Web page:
This is the article that I didn’t want to write. Some questions I’ve asked in carefully considering what I should say and how to say it are: Do I use names? What sort of rhetoric should I use? How can I obey and glorify God in this response? I do not take this response lightly, and I’ve carefully considered what follows. The purpose of this article is not to call people out, it’s not to be argumentative, but it’s to edify the brethren through fruitful discourse. My motivator here is love—both love of God and love of neighbor.
The men to whom I’m responding are close to me, not personally, but doctrinally. Therefore, they and I are united upon the truth of the gospel in Jesus Christ. Because of this, I was surprised to see implied charges of murder and wicked intent coming from some of these men, the charges being made against churches who have chosen to assemble during these perilous times.
Because of the approach I’ve elected to take, I’m going to paraphrase some of these statements without mentioning names or quoting them directly with the exception of one article, the author of which voluntarily made himself known and thus, I will go ahead in citing his material directly. I am not trying to be evasive. I’m only trying to protect the names of individuals I care about. I am also uncertain as to whether or not they would approve of their names being mentioned. Thus, I’ve opted to maintain privacy at this point.
Three Texts & Flimsy Rhetoric
Men throughout the ages have utilized Scripture within their rhetoric. Rhetoric is a good thing if used properly (cf. the apostle Paul in Acts 17). But rhetoric in which the Scriptures become nothing more than a rhetorical tool of persuasion is flimsy rhetoric. Flimsy rhetoric happens when a person takes a verse (say, John 3:16), and hastily misapplies it in their argumentation without regard to the actual meaning of the text itself. An example might be as follows: “In John 3:16, it says ‘whosoever will.’ Therefore, free will initiates our salvation!” Such flimsy rhetoric takes for granted an application that has yet to be argued for. This is to beg the question. More exactly stated, it’s a commission of the petitio principii fallacy, or circular reasoning.
There are three texts some have used in order to argue for the cancelation of worship services in obedience to governing authorities at both local and state levels.
Of how much more value then is a man than a sheep? Therefore it is lawful to do good on the Sabbath.
Some have drawn application from this text obliging Christians to cancel worship in order to look out for the welfare of their fellow brethren during the spread of COVID-19. But the context of this passage is within the context of Jesus healing a man on the Sabbath, at which point the Pharisees attempted to chide Him for performing work on a day of rest (Ex. 20:10).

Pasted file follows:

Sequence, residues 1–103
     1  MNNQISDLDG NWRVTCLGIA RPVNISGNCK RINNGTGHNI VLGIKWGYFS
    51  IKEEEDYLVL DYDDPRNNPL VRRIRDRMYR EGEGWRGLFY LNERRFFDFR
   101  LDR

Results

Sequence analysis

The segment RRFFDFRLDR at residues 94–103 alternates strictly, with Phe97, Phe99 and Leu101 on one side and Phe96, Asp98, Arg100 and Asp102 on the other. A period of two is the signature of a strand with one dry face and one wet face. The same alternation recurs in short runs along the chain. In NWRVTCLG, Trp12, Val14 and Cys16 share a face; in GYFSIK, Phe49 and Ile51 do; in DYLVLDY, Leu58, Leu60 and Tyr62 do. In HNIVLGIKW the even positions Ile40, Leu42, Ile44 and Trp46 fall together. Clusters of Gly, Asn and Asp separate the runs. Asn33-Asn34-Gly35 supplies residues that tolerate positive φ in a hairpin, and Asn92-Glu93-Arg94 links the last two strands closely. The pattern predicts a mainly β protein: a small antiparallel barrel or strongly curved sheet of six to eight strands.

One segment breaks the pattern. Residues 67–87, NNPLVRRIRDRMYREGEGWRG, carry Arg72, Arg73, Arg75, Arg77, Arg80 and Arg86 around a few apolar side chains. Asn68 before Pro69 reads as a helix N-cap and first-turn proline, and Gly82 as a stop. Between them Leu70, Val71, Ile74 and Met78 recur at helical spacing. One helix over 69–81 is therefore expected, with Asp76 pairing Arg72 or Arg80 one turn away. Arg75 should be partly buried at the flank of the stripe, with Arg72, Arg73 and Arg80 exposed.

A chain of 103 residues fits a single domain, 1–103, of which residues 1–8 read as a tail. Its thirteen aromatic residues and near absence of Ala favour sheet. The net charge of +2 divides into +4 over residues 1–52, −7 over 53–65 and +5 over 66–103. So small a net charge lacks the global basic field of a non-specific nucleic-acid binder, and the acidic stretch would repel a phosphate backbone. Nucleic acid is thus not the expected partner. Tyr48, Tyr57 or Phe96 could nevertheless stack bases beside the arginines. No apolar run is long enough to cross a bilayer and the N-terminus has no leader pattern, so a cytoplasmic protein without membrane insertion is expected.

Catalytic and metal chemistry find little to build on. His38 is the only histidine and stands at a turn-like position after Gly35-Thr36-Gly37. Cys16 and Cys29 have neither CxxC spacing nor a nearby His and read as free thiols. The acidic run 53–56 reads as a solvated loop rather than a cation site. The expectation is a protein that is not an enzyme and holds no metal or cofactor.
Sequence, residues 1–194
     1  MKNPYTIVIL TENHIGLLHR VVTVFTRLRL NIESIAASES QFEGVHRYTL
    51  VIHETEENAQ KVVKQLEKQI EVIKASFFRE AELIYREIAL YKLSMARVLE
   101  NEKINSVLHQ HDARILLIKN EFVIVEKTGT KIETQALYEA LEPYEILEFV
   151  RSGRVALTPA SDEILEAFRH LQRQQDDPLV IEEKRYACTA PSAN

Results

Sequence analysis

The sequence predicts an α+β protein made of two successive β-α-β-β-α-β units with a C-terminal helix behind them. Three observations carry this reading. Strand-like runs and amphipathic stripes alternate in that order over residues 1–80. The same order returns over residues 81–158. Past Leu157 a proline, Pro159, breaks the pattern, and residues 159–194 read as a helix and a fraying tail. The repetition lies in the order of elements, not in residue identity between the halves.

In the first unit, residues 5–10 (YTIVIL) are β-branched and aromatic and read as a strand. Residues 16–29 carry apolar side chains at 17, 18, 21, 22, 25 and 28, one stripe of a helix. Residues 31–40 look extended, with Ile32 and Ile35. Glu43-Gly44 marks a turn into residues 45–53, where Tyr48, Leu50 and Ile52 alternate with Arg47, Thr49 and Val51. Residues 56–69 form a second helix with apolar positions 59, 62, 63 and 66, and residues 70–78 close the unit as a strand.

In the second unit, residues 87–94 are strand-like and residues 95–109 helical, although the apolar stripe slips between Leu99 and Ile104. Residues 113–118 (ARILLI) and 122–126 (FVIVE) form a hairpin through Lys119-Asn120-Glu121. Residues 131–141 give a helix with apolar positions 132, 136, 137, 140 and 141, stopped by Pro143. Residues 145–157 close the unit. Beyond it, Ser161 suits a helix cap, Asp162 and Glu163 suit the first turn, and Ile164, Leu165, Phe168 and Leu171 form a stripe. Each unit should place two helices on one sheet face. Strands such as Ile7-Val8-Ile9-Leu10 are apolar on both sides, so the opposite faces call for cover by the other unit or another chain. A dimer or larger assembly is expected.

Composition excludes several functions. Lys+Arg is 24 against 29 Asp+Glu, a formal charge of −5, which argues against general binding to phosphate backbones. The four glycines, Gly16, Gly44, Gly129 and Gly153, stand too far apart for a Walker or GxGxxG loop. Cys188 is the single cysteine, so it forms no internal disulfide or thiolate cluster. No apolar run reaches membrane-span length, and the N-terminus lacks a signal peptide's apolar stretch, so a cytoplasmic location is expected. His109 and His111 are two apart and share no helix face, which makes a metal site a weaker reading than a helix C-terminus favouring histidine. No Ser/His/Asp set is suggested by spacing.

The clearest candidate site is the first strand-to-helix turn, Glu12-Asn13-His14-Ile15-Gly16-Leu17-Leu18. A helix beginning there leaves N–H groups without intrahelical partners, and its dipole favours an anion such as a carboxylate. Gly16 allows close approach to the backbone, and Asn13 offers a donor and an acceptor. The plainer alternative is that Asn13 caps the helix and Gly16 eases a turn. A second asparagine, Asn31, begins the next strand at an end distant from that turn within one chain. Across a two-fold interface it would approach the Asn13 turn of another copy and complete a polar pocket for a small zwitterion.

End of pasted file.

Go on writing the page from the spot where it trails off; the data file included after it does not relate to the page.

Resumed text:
It is impossible to get from “be willing to alter your worship pattern for the sake of your brethren” to “cease having a worship pattern altogether” without more information from the text itself. This text does not explicitly nor necessarily intimate such a wild conclusion. Jesus’ healing work of mercy happened within the context of worship, not instead or apart from it. Jesus’ works on the Sabbath always served to show forth the beauty of that Day rather than detract from it in any way.
Works of mercy serve to adorn what is already there, not abrogate it.
Let every soul be subject to the governing authorities. For there is no authority except from God, and the authorities that exist are appointed by God.
With Matthew 12:12 in hand, Romans 13:1ff is then invoked as part of a cumulative case against holding worship during the COVID-19 outbreak. As we have just seen, nothing about Matthew 12:12 makes cancelling of worship necessary, let alone lawful (cf. Ex. 20; Deut. 5; Jn. 20; Acts 2:42; 20:7; 1 Cor. 16:1-4; Heb. 4:9).
Therefore, it is a wide stretch to suggest canceling worship is an act of obedience per Romans 13. Romans 13 does not give the government the authority to alter or do away with what God has commanded. The church should make alterations according to the light of nature—insofar as God’s Law allows—if she perceives an imminent threat. But this is not the same as canceling services altogether.
Woe to you, scribes and Pharisees, hypocrites! For you pay tithe of mint and anise and cummin, and have neglected the weightier matters of the law: justice and mercy and faith. These you ought to have done, without leaving the others undone.
I have seen this verse used to imply those who continue divine worship at this time are murderers at worst and Pharisees at best. The claim here is that this text provides precedent for suspending positive laws in order to uphold moral laws. But this isn’t Jesus’ point. Not even remotely.
The distinction here is not so much between positive laws and moral laws as it is between the letter of the law and the spirit of the law. The Pharisees were keen to fulfill external obedience, yet their hearts were far from God. They lacked sincerity in their worship because they had not been born again, a point Jesus elsewhere emphasizes during a discussion with—you guessed it—a Pharisee (Jn. 3:3). The Pharisees were hypocrites because they continued on with the external affairs of worship while neglecting the spirit of the laws they sought to uphold—justice, mercy, and faith. Thus, they should have obeyed the ceremonial laws under which they lived while not neglecting their substance.
Charges of Pharisaism